hemiv8:: I saw the funniest thing today, a Ram reg cab 4X2, getting it's doors handed to it from a 6.2 Chevy CC 4X4! and the last time a Ram with a hemi tried to pass me, all I can say is the tried! and here I am in a little ol 6cyl F-150! (reg cab 8'bed 4X4 Ecco-Boost 6cyl) wasn't even a contest! and he never even sees 20mpg! and here I am getting 22 every day on the hyw.

@Lou-Read your last comment on the prior article. Good luck on your exam. I am sure you will pass with flying colors. Have a great evening!!

They will need another shift once the 2013s come out!

@Red: Maybe someday one 1/2 ton truck manufacturior will bring back a manual 6 or even a 7 speed. I think there is a group of people that would go for it, hopefully when they bring in the Dakota replacement, they will make sure a manual trans is an option if not base transmission. Pretty sure it would be alot cheaper.

@Jeff S - thanks. Exam is actually at the end of July. I don't like to cram. You only retain 10% post exam if you do. You have a good evening too.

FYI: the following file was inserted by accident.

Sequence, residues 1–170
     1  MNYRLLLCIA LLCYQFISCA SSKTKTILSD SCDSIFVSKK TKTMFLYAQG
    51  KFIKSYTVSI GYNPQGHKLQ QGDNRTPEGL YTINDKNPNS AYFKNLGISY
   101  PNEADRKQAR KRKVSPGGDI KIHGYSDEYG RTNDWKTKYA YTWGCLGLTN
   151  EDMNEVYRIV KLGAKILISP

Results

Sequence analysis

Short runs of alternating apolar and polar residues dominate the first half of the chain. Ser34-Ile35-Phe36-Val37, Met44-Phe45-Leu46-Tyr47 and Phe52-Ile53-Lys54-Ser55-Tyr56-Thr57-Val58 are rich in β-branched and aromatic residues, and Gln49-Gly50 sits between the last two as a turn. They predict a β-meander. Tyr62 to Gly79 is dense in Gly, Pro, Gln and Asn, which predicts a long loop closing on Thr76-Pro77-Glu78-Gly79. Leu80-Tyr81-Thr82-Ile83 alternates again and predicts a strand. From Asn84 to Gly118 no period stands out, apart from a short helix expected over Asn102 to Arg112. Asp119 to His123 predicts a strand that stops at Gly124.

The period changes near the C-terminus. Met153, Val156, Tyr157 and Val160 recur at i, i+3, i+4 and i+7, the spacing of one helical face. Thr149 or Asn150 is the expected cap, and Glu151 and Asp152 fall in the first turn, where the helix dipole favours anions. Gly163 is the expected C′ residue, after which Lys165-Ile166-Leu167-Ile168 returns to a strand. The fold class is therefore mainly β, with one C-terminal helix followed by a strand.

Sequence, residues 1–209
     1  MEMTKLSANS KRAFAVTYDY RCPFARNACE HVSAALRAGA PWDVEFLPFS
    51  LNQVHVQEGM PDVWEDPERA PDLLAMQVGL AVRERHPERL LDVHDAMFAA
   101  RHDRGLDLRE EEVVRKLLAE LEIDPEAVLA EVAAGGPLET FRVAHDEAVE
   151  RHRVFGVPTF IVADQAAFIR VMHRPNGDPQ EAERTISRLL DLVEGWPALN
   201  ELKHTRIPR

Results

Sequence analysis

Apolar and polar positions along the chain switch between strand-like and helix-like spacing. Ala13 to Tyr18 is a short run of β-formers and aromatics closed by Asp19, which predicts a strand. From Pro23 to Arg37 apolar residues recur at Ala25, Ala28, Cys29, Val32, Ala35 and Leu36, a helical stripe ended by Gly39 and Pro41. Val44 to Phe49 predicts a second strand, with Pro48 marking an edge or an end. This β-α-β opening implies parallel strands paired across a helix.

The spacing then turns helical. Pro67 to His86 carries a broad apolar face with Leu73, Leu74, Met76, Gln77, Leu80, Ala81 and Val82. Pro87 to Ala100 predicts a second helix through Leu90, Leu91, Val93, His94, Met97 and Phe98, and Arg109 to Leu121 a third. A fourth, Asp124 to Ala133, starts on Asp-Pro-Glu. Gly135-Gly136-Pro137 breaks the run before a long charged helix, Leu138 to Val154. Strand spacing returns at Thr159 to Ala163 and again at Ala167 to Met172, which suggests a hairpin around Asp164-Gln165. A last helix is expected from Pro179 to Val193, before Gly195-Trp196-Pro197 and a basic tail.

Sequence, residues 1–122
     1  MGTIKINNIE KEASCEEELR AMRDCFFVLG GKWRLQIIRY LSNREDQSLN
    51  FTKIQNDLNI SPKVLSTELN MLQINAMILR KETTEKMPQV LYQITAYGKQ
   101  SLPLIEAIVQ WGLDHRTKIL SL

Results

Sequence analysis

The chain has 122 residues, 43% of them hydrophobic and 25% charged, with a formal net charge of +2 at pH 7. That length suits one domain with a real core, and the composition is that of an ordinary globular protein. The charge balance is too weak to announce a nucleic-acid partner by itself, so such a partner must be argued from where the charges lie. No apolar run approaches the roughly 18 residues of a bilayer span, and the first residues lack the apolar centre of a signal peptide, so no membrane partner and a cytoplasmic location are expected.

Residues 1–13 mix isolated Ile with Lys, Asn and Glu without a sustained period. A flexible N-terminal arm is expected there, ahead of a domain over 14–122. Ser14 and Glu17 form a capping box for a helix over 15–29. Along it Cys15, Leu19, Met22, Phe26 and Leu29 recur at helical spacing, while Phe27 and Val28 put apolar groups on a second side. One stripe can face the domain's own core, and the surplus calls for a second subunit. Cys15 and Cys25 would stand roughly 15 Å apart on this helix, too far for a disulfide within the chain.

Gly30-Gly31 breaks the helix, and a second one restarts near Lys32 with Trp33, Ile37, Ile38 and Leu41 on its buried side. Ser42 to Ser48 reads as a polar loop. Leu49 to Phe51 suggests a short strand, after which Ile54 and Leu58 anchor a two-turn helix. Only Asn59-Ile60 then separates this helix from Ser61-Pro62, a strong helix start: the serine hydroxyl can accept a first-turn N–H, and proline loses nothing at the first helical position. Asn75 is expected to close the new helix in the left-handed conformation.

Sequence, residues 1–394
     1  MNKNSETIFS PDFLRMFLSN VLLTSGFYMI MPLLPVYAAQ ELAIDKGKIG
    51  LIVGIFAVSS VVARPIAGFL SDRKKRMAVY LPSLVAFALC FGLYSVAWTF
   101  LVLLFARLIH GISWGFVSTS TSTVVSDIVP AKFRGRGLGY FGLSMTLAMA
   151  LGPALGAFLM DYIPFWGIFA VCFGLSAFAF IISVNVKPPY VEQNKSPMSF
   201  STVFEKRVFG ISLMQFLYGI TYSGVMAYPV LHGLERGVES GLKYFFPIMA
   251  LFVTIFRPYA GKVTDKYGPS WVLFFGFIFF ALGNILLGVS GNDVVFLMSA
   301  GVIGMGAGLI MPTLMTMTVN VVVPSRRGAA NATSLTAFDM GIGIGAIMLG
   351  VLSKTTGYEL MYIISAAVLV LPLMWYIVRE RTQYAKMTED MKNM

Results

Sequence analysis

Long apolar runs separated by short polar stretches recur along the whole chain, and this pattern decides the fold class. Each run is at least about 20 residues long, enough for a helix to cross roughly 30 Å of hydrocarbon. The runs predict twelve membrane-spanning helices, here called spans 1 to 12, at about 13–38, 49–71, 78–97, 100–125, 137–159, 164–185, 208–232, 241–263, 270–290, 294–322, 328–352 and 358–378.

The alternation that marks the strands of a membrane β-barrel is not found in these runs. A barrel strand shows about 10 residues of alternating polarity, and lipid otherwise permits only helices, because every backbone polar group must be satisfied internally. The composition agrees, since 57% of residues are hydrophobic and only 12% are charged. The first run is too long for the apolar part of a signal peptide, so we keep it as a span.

@Sandman 4x4: Now how would you know that a truck rated at 20 MPG highway never gets 20 MPG?? How do you know yours gets 22? The lie-o-meter? How do you know the 6.2 Chevy didn't have a tuner? Of course it should win, it's a bigger engine, that must run on 91 octane! It's pretty lame for a 6.2 tho! Lets see how long your turbo lasts, ok?

As a Chrysler fan My chest is sticking out from pride for this 2013 Ram. Coming from certain death a few years ago to their class leading vehicles now is an american success story. Adding
jobs to build them is a win win. The U.S. government made the right decision. I am not in the market for a new truck since my
DIE HARD DODGE is still in great shape. Thank god when I am in the market I will have a choice between the big american three.

@sandman4x4, I enjoyed the same experience with my 03 hemi when it came out. Blowing the doors off ford & chevy.
Enjoy it while it lasts the 2013 Ram is coming soon.


Well, when Chevy sells ugly pile of junk Silverado's like they've been selling the last 13 years (and especially since 2003 and again in 2007), Dodge Ram sales are bound to go through the roof. Especially with this new bodystyle and these awesome Laramie-Longhorn-Limited interiors!. As an added bonus, no piston slap, no tinfoil bodies and no low slung HD frames like those cheaply built disposable Silverado's. Ram is going to dethrone Silverado one and for all! Third shift will be in full force no doubt. C-ya Chevrolet.. Next up, Ford.

Don Hornby | Jul 1, 2012 3:09:08 PM,